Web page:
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Can Britain make itself less complacent?

Educators in Britain, after decades spent in a collective effort to minimize risk, are now, cautiously, getting into the business of providing it.

Out went the plastic playhouses and in came the dicey stuff: stacks of two-by-fours, crates and loose bricks. The schoolyard got a mud pit, a tire swing, log stumps and workbenches with hammers and saws.

“We thought, how can we bring that element of risk into your everyday environment?” said Leah Morris, who manages the early-years program at the school in Shoeburyness in southeast Britain. “We were looking at, OK, so we’ve got a sand pit, what can we add to the sand pit to make it more risky?”

Now, Morris says, “we have fires, we use knives, saws, different tools,” all used under adult supervision. Indoors, scissors abound, and so do sharp-edged tape dispensers (“they normally only cut themselves once,” she says).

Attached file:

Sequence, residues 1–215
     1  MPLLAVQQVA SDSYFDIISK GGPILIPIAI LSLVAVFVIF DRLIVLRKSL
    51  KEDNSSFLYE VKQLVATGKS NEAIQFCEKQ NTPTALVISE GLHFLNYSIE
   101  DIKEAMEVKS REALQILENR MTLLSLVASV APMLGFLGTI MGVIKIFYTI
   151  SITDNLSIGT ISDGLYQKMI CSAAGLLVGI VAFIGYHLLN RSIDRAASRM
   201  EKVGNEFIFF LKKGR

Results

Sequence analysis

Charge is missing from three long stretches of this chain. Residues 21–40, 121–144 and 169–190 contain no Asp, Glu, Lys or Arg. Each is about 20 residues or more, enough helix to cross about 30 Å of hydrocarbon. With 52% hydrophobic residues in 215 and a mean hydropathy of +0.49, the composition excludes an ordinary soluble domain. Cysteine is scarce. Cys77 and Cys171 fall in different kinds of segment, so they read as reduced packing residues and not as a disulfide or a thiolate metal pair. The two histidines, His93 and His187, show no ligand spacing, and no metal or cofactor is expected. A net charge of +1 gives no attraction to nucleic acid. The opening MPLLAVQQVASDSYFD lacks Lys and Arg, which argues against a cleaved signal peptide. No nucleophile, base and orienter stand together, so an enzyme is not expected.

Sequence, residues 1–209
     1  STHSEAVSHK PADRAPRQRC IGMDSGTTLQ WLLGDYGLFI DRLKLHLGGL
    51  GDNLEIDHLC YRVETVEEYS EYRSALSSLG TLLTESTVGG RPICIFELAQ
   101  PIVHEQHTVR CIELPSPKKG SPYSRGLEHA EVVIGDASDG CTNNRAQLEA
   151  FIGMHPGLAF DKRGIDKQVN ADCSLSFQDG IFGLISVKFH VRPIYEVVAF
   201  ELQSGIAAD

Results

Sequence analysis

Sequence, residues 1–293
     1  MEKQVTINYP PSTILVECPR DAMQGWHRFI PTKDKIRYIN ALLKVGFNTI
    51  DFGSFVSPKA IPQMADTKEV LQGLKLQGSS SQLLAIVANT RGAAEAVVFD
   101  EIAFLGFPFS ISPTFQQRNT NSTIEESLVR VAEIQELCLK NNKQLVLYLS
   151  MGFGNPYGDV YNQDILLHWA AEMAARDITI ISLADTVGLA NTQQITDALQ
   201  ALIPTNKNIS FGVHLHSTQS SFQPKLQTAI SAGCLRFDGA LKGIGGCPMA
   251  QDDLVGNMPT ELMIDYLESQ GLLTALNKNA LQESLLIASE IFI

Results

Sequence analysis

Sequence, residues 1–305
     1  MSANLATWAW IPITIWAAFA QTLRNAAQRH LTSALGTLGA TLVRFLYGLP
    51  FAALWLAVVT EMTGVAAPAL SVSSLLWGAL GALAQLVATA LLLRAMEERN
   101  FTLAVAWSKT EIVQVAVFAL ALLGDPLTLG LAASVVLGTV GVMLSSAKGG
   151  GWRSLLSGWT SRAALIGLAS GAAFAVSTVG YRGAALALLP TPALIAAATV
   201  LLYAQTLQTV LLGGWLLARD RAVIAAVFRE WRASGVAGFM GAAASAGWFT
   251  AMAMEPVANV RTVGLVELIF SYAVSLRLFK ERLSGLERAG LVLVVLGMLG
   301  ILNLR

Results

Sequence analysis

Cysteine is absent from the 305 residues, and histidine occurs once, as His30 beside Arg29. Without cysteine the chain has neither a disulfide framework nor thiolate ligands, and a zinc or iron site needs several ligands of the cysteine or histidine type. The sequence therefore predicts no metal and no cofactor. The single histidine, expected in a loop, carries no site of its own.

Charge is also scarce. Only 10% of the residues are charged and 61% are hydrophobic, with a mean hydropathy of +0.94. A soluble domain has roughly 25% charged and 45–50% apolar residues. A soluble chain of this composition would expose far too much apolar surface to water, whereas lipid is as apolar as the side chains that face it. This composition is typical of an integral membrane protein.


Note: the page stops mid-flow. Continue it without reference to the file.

Limited risks are increasingly cast by experts as an experience essential to childhood development, useful in building resilience and grit.

I suppose I am skeptical of this approach, as it may lead to harm and furthermore the benefits of risk have to arise more organically.  It will in any case be interesting to see how the public digests these changes as they play out in the lives of children.

Here is the full story by Ellen Barry.  In any case, there is also a bingo revival in Britain, is that a sign of renewed passivity?

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